The Wells Fargo Model
The military was the primary customer for S&W’s large caliber revolvers in the early to mid-1870s and for almost all of the First and Second Issue Schofields. There were also civilian buyers since Smith & Wesson built more guns than the military purchased, and as military guns were refurbished a percentage of those also went to the civilian market (Army surplus) and found their way into retailers like Hartley & Graham in New York, which listed both the standard barrel length and models with 5-1/2 inch barrels (there were also shorter barrels, 5-inch and 4-inch barrel lengths). Wells Fargo & Co. and American Express purchased surplus Schofields to arm their field agents; both companies acquiring sizeable quantities of the guns and most with the shorter barrels. These were all specially marked, with Wells Fargo stamping their Schofields W.F. & CO. EX. on the right side of the barrel.
A percentage of refurbished military guns were also returned to service with shortened 5-inch barrels. Although they were primarily reblued, civilian guns and some for military officers were also nickel plated. The Barra Schofield CO2 models have this covered as well with both a weathered finish and nickel versions in 7-inch and 5-inch models.
Despite comparatively limited manufacturing, the Schofield revolvers remained in use into the early 20th century, and New York City retailers like Hartley & Graham, and Francis Bannerman & Sons, (then the world leader in retailing military surplus) continued to market refurbished military Schofields in various barrel lengths, popularly 5-inch models with nickel plating.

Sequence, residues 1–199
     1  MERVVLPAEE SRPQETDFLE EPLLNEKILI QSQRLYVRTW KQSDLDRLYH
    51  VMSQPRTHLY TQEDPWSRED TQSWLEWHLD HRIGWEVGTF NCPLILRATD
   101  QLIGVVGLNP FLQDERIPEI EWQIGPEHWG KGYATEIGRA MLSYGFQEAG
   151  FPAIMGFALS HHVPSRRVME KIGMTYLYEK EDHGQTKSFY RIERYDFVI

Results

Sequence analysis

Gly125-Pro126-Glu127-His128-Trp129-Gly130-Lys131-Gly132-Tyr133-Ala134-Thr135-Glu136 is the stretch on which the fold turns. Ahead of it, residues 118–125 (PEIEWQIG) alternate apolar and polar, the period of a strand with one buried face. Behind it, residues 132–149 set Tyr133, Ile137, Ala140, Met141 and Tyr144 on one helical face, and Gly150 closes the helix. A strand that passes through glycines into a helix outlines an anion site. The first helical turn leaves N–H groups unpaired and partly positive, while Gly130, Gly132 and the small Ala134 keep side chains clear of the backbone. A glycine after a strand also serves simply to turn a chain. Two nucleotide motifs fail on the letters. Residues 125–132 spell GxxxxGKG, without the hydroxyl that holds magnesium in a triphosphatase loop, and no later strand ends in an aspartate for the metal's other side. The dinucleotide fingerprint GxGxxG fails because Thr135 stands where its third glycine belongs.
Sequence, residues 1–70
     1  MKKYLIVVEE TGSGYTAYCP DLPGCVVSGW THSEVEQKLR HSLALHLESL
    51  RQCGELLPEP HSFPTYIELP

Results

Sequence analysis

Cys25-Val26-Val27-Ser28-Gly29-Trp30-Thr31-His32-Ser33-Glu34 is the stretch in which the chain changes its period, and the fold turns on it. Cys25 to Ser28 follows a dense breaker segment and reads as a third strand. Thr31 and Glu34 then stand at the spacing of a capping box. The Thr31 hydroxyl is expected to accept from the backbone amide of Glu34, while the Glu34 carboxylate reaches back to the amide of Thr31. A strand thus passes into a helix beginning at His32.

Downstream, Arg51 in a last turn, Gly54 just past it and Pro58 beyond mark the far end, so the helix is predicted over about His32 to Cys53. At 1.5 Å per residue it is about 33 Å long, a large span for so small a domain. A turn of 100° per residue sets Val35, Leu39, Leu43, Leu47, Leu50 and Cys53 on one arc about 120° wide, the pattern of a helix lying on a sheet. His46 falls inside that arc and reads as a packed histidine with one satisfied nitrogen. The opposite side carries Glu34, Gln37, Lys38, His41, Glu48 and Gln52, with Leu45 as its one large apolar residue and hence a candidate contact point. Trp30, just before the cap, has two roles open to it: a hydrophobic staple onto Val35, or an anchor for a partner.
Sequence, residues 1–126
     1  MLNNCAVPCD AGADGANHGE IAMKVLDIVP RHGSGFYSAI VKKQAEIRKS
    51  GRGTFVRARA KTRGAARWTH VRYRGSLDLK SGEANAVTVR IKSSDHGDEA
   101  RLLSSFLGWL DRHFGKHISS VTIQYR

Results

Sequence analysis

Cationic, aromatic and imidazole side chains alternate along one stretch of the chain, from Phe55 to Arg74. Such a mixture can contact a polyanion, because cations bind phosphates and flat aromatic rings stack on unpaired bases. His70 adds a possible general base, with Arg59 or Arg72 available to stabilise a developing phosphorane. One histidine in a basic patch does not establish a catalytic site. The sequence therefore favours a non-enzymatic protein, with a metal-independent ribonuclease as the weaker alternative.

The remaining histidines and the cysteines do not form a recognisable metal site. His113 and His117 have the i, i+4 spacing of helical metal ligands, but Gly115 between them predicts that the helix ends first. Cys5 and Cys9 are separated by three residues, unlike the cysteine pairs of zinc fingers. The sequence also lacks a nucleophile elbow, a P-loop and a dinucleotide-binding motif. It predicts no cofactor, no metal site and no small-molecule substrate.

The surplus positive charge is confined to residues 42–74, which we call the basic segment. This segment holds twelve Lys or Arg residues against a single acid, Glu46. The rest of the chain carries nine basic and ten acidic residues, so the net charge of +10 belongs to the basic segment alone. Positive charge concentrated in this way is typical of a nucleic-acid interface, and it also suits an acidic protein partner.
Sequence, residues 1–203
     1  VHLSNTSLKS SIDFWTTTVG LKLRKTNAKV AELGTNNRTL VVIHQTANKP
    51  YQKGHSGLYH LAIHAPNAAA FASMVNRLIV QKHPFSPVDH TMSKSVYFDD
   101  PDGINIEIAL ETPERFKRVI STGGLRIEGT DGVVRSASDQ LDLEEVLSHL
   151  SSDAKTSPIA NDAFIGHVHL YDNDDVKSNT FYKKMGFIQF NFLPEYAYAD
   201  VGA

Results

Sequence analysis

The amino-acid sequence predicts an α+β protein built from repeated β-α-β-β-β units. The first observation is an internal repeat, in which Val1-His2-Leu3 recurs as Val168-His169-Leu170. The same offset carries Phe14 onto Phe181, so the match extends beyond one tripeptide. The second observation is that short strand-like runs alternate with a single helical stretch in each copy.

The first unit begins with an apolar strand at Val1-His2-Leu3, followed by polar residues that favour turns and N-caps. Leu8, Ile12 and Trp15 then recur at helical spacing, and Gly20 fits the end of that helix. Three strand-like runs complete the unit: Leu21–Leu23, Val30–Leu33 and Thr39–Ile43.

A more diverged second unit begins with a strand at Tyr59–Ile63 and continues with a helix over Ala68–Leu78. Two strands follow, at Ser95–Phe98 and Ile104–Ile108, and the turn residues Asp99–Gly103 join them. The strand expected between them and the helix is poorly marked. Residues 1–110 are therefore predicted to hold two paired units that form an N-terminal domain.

The latest 5-inch Wells Fargo models from Barra will be available in January ether in the aged finish with aged faux wood grips, or nickel with faux wood. Also in early 2021 Barra will add a custom, hand engraved nickel Wells Fargo model (above) done by Adams & Adams. The prototype is pictured in this article, though as of yet, no retail price has been set or the number of engraved guns that will be available, but from the looks of the prototype, it is going to be one fine western air pistol.
For 2020’s Replica Air Pistol of the Year competition I am going to use the aged finish Wells Fargo Model which should be available from Pyramyd Air in January (according to Barra). Currently both finishes are available with the 7-inch barrel.
Like any revolver, especially those with shorter barrels, the 5-inch Schofield clears leather almost effortlessly and is easy to cock for the first shot. The gun balances well in the hand and the trigger pull is a modest 2 pounds, 10.6 ounces. The large rear V notch in the barrel latch easily frames the rounded front sight, and it is effortless to squeeze off an accurate shot at 21 feet. My velocity with the new 5-inch Nickel gun averaged 406 fps with RWS Meisterkugeln 7.0 gr. lead wadcutters. I had an impressive high velocity of 438 fps and a low of 396 fps, so right in the ballpark with the 7-inch model using pellet shells and the Meisterkugeln. I then ran a second test with lightweight H&N Sport Match Green 5.25 gr. alloy wadcutters and velocity jumped to a whopping 482 fps average with a high of 501 fps which almost puts the Schofield in a class of its own as a CO2 revolver. But let’s just be happy with a six-shooter that can keep alloy pellets flying downrange at over 480 fps.